Exploding in the distance
Sunday night. It was cold - not bone-chilling proper winter cold, but still chilly. We were in layers. So many layers - leggings under my jeans, big socks under my boots, a top AND a jumper AND my big coat and scarf. Woolly hat, my Mum's hand crocheted fingerless gloves.
Jo and I schlepped down to Old Leigh in said layers with a rucksack filled with treats. We perched on the wall by the Peterboat and busted out the comestibles. We had a flask of piping hot tea, and freshly cooked hot dogs stuffed in buns with onions, cheese and ketchup, wrapped in tin foil so they were still hot. We ate the hot dogs and drank the tea and watched huge fireworks across the water in Kent and Canvey Island.
We were firework chasing - Saturday night for us had been spent inside Brixton Academy dancing to the beats of Jon Hopkins, so we missed a lot of the big firework displays. Kent really showed up to the party on Sunday night. Big, booming fireworks - the huge, spritzy, multicoloured ones that burst into gigantic circles in the sky.
I loved going to fireworks nights at Darlinghurst school as a kid, with saucer-eyes at the display. I loved being really young and going out into the garden to have sparklers, me and my sister writing our names in the air. I remember walking to school and seeing the spiky wooden remnants of spent fireworks littering Pall Mall the next morning. I remember a favourite book as a child, 'The Seasons in Fern Hollow' - in the autumn chapter, a family of rabbits had a bonfire and cooked baked potatoes in it. "Be careful, they are rather hot!" - this picture thrilled me, and I always returned to it. It made me feel inexplicably cosy and with a desperate need to eat a potato cooked in a bonfire (something I've never had to this day).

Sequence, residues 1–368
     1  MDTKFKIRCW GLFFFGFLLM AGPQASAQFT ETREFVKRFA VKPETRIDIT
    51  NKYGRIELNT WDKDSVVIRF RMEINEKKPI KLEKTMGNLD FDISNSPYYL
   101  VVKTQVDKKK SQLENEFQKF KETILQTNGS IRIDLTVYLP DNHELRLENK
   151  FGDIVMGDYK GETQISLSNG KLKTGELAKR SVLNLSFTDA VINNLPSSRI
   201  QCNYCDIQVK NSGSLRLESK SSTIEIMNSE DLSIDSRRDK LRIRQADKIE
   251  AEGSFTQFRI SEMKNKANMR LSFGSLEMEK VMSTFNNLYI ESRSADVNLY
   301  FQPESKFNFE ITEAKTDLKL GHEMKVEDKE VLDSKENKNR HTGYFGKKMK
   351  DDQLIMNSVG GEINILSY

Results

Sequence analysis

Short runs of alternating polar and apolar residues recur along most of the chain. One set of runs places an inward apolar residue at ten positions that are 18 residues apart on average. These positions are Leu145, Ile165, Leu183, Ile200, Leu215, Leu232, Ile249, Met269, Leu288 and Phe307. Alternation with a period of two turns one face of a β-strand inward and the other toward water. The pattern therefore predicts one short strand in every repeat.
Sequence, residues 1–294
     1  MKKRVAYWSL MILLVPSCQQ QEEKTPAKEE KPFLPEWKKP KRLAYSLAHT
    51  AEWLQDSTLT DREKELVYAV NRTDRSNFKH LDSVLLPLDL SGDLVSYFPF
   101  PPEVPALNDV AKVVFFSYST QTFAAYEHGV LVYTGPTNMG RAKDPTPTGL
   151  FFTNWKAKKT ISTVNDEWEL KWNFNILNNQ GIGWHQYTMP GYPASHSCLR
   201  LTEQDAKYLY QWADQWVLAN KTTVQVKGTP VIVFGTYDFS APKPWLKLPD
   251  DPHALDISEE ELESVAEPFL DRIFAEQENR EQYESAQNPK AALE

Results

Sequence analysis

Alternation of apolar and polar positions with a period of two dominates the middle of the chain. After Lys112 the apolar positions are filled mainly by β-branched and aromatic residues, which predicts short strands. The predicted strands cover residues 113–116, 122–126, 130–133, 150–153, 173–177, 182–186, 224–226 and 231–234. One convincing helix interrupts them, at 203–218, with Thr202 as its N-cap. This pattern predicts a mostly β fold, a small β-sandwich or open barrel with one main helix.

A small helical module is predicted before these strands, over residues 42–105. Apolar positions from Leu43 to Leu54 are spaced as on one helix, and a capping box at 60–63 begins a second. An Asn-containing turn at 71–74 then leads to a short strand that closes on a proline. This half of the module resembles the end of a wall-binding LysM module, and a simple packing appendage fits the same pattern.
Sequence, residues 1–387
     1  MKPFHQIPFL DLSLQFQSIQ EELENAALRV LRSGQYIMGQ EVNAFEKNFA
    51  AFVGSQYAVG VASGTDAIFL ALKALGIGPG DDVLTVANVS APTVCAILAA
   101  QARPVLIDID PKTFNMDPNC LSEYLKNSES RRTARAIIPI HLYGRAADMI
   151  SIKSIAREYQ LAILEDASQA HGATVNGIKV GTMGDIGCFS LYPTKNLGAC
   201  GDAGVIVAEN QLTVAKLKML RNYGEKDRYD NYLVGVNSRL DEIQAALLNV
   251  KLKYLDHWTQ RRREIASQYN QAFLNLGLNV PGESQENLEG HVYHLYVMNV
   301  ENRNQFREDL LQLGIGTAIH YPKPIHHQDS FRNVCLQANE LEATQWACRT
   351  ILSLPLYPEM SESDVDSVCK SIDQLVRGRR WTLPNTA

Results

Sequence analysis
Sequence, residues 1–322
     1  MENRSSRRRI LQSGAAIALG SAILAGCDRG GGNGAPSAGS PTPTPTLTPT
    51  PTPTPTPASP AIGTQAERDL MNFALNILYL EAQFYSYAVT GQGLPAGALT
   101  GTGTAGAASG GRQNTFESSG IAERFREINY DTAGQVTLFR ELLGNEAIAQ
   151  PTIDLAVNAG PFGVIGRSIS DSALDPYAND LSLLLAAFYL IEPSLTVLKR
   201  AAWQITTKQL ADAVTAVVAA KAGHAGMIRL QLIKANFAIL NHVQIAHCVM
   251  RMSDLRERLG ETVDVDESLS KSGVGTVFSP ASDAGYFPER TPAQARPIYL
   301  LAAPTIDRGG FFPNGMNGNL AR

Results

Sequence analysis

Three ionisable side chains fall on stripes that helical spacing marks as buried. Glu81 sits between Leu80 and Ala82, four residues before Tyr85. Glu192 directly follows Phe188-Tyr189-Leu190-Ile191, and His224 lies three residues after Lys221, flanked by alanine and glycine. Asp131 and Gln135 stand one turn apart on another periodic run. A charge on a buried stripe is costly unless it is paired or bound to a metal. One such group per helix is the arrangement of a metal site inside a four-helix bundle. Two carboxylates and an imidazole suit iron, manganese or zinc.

There's a magic in that bonfire smell - when you smell it on the way home it makes you turn your collar up a little closer, the mark of the autumnal season. I loved it when I lived in an upstairs flat near Chalkwell station, and we'd see the big displays in town from our living room window. There's a beautiful lyric by The Tragically Hip in their aptly named song Fireworks that captures the poetic nature of them:
"Fireworks exploding in the distance, temporary towers soar / Fireworks emulating heaven, til there are no stars anymore"
I know not everyone loves fireworks. You might hate them because they go off when you're putting your baby down to sleep. You might have an anxious pet - hell, you might have anxiety yourself and loud bangs might not be ideal for you. I read that Bill Turnbull has done a special Classic FM show for during fireworks night that plays the world's most relaxing and calming classical music with anxious pets in mind. I love that. Good old Bill. So I do understand if you don't love fireworks.
We didn't seen THAT many during our tea + hot dog expedition, but it was a nice thing to go out and do; it made coming home to our lovely house even nicer, warming up when we got home with blankets and the Strictly results. Whether you're out at the big firework displays or hygge-ing it up at home with the telly on but the curtains open in case you see some absolute crackers, I hope you have a good one.To read all of Ray's previous blogs please click here